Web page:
Israeli Prime Minister Benjamin Netanyahu scrambled on Tuesday to contain inflammatory rhetoric from his government over Jerusalem’s Al-Aqsa mosque compound, at the heart of a wave of deadly Palestinian unrest.
With efforts to defuse tensions already strained, deputy foreign minister Tzipi Hotovely stoked Palestinian fears by saying it was her “dream to see the Israeli flag flying” over the holy site, which is sacred to both Muslims and Jews.
“We should raise the flag, this is Israel’s capital and it is the holiest place to the Jewish people,” she said in excerpts from a TV interview to be broadcast Tuesday.
Netanyahu’s office reacted swiftly with a statement late Monday recalling his promise to maintain the status quo which allows Muslims to pray at the site, and Jews to visit but not pray there.
“Prime Minister Netanyahu made it clear that he expects all members of the government to act accordingly,” his office said in a statement.
Palestinians accuse Israel of seeking to allow Jewish prayer at the hilltop site -- known to Jews as Temple Mount -- in Jerusalem’s walled Old City.
An increase in Jewish visitors to the site, some of whom secretly pray there despite it being forbidden, and inflammatory statements by politicians, have fuelled tensions.
Clashes at the mosque compound in east Jerusalem, a Palestinian area annexed by Israel in 1967, spiralled into a wave of stabbing attacks and shootings that have left nine Israelis dead since October 1.
On Tuesday a 76-year-old Israeli man who was shot in the head and stabbed in the chest in an attack on a Jerusalem bus on October 13 succumbed to his wounds, according to the Hadassah hospital.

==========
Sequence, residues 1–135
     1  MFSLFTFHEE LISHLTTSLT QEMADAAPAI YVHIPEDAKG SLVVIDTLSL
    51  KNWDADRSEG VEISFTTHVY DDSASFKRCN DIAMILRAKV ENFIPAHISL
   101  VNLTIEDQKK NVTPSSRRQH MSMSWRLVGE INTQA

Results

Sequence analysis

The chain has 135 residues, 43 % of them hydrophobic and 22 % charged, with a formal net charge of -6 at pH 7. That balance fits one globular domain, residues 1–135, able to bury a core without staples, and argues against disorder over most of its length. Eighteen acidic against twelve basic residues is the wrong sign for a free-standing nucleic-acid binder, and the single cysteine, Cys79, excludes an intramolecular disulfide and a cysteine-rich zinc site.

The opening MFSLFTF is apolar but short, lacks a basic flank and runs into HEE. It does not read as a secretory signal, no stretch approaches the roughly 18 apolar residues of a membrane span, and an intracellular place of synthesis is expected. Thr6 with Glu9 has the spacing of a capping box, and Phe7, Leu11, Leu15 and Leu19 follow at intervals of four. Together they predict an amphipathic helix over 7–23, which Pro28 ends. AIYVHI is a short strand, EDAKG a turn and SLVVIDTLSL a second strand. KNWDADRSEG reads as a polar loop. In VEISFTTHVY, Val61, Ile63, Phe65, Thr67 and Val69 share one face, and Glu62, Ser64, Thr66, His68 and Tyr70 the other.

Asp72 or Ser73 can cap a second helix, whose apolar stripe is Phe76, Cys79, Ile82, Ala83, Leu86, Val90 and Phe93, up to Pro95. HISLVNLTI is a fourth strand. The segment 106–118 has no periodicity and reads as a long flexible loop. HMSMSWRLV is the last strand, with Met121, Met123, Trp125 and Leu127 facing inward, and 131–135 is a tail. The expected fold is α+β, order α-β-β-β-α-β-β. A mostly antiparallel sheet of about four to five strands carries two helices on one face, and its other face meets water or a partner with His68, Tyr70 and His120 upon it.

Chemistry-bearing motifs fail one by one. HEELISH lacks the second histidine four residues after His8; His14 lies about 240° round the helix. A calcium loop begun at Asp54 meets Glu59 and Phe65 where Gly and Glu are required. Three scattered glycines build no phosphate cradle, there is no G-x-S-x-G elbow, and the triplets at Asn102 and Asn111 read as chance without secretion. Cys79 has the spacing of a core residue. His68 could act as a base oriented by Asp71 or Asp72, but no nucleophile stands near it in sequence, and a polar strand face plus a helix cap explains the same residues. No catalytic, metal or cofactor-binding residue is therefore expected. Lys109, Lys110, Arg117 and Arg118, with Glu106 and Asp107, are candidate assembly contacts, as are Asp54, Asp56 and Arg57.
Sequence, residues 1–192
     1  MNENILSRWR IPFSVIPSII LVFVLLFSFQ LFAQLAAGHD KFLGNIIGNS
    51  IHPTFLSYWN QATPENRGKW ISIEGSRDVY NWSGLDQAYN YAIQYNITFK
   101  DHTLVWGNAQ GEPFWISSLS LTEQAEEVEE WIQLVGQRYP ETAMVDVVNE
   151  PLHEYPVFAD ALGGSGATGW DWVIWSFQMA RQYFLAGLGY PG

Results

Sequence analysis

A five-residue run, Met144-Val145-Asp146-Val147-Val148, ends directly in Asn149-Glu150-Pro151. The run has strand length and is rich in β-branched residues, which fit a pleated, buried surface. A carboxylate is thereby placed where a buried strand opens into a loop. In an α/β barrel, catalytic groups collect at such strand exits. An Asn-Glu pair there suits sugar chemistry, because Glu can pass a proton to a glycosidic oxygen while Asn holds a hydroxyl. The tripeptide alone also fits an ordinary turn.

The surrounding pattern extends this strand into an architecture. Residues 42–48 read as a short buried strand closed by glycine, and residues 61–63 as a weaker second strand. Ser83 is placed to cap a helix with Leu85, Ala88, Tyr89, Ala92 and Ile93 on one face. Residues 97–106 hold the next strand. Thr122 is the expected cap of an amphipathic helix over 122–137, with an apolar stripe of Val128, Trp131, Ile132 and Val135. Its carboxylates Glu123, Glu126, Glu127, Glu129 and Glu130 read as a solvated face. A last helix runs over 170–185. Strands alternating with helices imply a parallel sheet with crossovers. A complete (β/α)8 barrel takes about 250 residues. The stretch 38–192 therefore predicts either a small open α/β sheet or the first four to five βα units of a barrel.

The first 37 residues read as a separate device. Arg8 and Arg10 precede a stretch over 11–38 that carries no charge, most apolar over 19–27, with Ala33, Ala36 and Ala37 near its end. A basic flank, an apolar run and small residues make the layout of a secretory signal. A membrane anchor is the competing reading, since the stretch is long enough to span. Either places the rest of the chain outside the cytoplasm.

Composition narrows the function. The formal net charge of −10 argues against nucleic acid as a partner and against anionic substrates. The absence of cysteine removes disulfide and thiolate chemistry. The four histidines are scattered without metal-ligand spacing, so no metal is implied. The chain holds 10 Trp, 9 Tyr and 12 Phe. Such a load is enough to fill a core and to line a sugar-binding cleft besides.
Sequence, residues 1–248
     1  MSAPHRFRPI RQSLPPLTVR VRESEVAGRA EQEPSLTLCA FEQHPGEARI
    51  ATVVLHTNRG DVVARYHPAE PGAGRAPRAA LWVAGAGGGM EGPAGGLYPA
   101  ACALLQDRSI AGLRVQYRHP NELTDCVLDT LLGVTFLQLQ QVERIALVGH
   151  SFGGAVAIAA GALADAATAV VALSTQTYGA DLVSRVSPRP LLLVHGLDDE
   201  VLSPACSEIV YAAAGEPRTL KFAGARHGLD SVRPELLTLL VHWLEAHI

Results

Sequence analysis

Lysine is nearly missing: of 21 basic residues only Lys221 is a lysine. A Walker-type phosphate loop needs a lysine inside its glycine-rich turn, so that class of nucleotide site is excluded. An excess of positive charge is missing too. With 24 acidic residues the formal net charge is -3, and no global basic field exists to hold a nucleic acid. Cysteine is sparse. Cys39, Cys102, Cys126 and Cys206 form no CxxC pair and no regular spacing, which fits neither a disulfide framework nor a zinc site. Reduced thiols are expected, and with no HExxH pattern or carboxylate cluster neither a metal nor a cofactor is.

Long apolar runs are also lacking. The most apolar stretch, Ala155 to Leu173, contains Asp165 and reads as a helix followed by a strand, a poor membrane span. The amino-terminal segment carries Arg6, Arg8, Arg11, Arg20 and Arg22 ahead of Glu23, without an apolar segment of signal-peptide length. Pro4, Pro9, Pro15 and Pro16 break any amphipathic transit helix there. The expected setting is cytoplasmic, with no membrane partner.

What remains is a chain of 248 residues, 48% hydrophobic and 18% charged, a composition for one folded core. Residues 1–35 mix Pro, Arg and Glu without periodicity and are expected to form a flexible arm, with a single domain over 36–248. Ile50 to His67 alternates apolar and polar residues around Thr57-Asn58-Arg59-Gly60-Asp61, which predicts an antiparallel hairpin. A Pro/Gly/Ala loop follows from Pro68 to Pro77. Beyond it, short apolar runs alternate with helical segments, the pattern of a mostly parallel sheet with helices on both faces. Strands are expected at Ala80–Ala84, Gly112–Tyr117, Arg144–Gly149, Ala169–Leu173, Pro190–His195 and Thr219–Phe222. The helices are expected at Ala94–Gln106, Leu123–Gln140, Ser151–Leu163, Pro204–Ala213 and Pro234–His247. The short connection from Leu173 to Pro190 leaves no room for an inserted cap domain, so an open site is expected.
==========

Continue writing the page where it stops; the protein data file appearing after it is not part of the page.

Anti-Israeli attacks and protests have seen 56 Palestinians and one Israeli Arab shot dead since October 1.
An Israeli Jew and an Eritrean have also been killed after being mistaken for attackers.
Hotovely, from Netanyahu’s right-wing Likud party, told Knesset TV that Jews should be allowed to pray at Al-Aqsa, but later issued a statement saying: “My personal opinions are not government policy.”
The surge in violence has prompted an intense diplomatic drive to douse tensions that many fear herald a third Palestinian intifada.
Palestinian president Mahmud Abbas met European Union foreign policy chief Federica Mogherini late Monday in Brussels in the latest effort to calm the crisis.
Abbas repeated his criticism of what he said was Israel’s “non-respect” for the rules at the Al-Aqsa mosque compound.
Netanyahu, who has vowed not to change the status quo, has accused Abbas of inciting the violence by making such accusations.
“The situation in Palestine is extremely serious and grave and may even deteriorate. This is my fear,” Abbas said.
“The main reason is the feeling of disappointment (among) the young generation,” who feel there is “no hope,” Abbas said.
Many of the youths leading the unrest were born under Israeli occupation, and see no way out, with a moribund peace process offering them little hope of achieving their dream of a Palestinian state.
A flurry of diplomatic activity last week saw meetings between US Secretary of State John Kerry with Netanyahu in Berlin, before he flew to Amman to meet Abbas and King Abdullah II.
The result was an agreement to install cameras at the Al-Aqsa compound, which Netanhayu said would serve to “refute the claim Israel is violating the status quo (and) to show where the provocations are really coming from.”
However the Palestinian Liberation Organisation (PLO) rejected the idea as an effort to allow Israel to exercise more control over the site which it will use “against the Palestinians”.
The plan immediately ran into trouble when a team sent by the Jordanian-run trust which administers the site to install the cameras was stopped by Israeli police.
Amman has retained custodial rights over the holy sites -- annexed along with the rest of east Jerusalem -- but Israel controls access.
Netanyahu said that arrangements to install the cameras “were supposed to be coordinated at the professional level”, as highlighted by Kerry who mentioned technical teams from both sides should meet.
But the Jordanian government hit back, saying: “Israel has nothing to say about the installation of cameras”.
“The Hashemite kingdom is the guardian of Jerusalem’s holy sites and the occupying Israeli force shouldn’t meddle in that,” said Islamic affairs minister Hayel Abdelhafiz in comments reported in the daily al-Destour.